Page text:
Ofsted refuses to scrap one-word reviews after headmaster’s suicide | UK News
Ofsted has pledged to change its school inspection system after a headmistress killed herself when her ‘outstanding’ school was downgraded to ‘inadequate’.
But the watchdog stands by its one-word reviews, which have come under fire again for being too simplistic in the wake of Ruth Perry’s death.
Schools will instead be given an earlier chance to be re-inspected after addressing problems of the kind identified at Ms Perry’s school, Ofsted boss Amanda Spielman said on Friday.
The late teacher’s sister, Julia Waters, accused the panel of “marking its own homework” and not providing a “meaningful answer”.
She said: “I have heard many reassurances from the Chief Inspector for Schools and the Secretary of State for Education that their thoughts are with Ruth’s family, but we have yet to be contacted by either of them.
“Not only that, but neither Ofsted nor the Department for Education have come close to proposing any meaningful response to the growing calls for reform.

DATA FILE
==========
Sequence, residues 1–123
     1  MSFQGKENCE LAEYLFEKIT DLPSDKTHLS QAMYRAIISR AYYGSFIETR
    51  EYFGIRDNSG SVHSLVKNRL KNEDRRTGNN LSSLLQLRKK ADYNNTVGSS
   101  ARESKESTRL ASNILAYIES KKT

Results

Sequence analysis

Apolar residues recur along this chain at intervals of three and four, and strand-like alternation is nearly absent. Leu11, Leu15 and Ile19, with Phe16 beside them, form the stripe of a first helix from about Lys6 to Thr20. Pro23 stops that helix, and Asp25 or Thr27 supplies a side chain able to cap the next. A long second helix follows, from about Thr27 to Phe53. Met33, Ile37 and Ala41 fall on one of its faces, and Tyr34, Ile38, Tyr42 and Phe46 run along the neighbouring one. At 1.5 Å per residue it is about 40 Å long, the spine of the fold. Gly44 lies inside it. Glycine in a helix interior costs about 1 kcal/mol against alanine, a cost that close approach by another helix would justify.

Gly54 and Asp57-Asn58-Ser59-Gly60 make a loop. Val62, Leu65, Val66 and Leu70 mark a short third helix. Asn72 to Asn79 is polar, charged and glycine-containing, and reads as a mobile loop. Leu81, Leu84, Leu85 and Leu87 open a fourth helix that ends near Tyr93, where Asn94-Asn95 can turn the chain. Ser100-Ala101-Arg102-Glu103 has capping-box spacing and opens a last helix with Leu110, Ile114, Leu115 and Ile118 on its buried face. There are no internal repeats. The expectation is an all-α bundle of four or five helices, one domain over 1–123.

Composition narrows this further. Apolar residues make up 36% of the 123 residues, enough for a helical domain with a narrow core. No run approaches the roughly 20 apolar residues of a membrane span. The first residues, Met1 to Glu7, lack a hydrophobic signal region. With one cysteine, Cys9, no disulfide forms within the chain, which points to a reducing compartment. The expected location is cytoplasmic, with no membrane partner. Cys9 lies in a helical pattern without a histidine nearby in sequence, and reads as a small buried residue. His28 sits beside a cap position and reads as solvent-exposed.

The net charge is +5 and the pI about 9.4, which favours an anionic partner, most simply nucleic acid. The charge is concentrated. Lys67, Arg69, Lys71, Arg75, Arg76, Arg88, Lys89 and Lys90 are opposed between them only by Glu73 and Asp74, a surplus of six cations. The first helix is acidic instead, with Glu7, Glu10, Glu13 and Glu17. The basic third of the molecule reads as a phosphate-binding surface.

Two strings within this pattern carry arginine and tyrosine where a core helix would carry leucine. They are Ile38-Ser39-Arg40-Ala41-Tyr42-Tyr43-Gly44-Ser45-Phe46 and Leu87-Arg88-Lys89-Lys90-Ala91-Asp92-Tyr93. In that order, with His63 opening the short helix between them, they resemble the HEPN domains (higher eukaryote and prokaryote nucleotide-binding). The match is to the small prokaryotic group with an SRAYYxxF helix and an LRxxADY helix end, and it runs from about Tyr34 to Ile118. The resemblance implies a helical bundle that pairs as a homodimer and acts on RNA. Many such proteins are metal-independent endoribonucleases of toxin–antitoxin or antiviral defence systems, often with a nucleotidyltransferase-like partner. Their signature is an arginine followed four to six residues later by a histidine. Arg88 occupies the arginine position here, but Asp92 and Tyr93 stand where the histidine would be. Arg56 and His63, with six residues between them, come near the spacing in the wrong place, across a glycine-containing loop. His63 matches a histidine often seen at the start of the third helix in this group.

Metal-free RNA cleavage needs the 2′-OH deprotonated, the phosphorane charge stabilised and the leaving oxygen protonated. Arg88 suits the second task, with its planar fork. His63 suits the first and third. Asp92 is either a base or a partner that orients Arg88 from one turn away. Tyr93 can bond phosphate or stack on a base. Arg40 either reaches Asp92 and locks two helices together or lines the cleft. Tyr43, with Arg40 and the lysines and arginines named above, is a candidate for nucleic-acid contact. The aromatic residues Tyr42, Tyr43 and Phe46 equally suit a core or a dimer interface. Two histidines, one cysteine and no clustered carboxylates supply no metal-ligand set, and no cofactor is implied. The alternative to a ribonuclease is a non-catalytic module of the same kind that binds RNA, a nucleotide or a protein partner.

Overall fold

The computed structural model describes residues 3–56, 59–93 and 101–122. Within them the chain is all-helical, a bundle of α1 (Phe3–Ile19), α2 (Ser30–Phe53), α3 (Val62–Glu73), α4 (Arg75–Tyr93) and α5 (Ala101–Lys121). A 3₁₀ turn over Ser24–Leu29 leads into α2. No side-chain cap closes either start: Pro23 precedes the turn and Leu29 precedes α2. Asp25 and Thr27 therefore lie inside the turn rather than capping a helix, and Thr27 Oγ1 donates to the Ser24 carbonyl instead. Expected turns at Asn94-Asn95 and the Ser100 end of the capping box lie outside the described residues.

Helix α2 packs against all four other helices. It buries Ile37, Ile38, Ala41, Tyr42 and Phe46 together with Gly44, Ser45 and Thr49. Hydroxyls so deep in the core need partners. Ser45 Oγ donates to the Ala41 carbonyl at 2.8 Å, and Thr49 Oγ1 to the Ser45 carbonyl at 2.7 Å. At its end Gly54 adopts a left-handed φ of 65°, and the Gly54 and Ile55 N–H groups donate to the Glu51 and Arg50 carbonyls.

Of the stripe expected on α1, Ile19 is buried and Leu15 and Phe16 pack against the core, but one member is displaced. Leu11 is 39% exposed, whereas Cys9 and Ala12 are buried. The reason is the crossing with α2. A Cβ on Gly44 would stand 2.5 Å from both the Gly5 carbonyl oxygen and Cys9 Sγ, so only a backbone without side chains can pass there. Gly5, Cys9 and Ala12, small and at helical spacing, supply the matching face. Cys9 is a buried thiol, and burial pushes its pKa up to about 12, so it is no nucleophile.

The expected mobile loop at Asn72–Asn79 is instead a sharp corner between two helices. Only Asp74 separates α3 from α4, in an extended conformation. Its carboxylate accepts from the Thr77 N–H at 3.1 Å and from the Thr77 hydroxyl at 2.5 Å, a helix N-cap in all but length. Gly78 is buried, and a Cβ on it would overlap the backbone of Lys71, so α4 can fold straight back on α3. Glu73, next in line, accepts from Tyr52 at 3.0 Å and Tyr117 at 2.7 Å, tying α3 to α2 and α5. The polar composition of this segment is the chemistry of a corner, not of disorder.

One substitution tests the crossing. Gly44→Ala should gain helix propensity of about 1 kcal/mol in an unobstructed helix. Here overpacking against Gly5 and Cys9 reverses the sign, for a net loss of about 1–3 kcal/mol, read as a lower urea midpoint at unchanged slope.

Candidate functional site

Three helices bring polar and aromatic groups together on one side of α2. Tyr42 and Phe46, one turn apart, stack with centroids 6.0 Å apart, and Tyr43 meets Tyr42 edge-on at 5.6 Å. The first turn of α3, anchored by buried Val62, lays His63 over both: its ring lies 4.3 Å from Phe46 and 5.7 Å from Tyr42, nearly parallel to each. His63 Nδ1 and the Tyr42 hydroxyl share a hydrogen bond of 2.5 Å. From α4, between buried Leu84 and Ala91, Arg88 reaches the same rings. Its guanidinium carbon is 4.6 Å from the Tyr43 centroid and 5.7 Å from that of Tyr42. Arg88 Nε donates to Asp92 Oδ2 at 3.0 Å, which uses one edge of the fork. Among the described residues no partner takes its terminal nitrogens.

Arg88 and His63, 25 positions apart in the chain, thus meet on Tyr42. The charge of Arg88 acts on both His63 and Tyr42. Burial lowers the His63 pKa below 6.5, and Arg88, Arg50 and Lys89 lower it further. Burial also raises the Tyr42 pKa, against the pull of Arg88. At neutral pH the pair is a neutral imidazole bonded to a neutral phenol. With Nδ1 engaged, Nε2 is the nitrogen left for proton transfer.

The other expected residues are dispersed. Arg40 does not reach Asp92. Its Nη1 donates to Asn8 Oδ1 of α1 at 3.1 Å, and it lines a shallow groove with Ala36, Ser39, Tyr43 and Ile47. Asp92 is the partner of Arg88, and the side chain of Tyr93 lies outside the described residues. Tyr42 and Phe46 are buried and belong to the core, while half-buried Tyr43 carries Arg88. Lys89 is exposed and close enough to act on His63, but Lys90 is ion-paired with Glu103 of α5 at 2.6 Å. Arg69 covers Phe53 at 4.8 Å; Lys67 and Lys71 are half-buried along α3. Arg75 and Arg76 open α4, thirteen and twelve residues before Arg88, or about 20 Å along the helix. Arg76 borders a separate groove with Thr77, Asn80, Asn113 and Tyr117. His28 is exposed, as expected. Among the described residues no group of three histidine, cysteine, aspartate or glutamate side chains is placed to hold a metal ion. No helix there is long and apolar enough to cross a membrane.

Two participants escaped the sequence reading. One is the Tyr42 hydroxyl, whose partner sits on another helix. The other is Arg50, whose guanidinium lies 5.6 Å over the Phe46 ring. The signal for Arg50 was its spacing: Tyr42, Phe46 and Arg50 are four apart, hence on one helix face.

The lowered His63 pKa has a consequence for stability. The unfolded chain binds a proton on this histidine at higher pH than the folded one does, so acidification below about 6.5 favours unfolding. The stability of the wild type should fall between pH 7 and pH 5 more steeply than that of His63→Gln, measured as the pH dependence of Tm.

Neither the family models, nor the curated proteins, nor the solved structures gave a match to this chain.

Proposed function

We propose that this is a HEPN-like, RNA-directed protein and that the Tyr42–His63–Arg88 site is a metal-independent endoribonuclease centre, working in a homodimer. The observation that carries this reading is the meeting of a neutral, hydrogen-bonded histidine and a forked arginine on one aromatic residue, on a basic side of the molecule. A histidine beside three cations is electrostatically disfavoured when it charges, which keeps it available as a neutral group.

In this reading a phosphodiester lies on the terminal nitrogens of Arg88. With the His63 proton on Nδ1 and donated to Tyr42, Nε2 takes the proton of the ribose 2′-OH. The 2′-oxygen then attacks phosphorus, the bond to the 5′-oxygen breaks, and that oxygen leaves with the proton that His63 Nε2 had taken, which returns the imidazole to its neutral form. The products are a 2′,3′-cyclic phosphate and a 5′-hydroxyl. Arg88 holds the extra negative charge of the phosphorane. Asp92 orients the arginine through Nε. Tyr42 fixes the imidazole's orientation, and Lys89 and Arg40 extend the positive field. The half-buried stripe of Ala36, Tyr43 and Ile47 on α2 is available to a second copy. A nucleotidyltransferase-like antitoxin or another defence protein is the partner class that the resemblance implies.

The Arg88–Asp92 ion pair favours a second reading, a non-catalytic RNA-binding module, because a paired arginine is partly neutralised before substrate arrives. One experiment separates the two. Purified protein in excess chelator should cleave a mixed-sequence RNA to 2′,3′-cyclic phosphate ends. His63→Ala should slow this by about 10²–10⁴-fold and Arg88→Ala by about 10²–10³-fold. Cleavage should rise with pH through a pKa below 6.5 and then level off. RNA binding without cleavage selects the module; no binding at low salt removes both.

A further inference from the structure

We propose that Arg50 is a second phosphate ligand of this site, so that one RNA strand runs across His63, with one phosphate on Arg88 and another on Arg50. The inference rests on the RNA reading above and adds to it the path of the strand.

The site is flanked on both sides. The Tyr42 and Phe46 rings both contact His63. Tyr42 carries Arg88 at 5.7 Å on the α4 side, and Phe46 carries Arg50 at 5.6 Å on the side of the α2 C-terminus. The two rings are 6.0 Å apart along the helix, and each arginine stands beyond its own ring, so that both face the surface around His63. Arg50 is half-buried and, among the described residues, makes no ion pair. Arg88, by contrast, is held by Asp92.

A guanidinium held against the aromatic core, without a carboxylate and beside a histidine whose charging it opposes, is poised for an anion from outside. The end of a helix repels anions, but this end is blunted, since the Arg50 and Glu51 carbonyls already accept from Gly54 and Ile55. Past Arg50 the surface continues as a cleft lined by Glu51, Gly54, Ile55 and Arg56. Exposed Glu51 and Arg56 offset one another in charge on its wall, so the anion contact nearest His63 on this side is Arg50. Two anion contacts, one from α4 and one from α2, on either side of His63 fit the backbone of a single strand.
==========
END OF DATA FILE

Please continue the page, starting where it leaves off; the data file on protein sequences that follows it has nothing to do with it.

“The death of my sister shows the tragic importance of the stakes and yet Ofsted has done nothing.”
Ms Perry, 53, was found dead in January after learning her school, Caversham Primary in Reading, would be downgraded from Ofsted’s top grade to worst.
Her family say she described the inspection two months earlier as the “worst day of her life” and was a “shadow of her former self” while awaiting the report.
Inspectors had praised many aspects of the school but found a “weak understanding of protection requirements”.
The problem was that older children were allowed to misbehave “unnoticed” during playtime and “put others at risk of harm.”
Ms Spielman defended Ofsted’s emphasis on protection, which she said was “so important” that it could result in a school being under-graded “even when everything else is being done well”.
She added: “We will not be lenient on protection but it is an area that is not always well understood. It’s sometimes mistakenly called an exercise in paperwork, but . . . We need to ensure that schools understand and manage the risks that children harm.
“We need to know that if it happens, action will be taken immediately. However, we recognize that some gaps in school knowledge or practice are easier to fill than others.’
Ms Perry’s sister said children are “made more vulnerable to harm, no less when teachers are more concerned about the threats of Ofsted than what is really best for their students”.
Education Secretary Gillian Keegan has promised to meet with family and local school leaders to discuss the tragedy.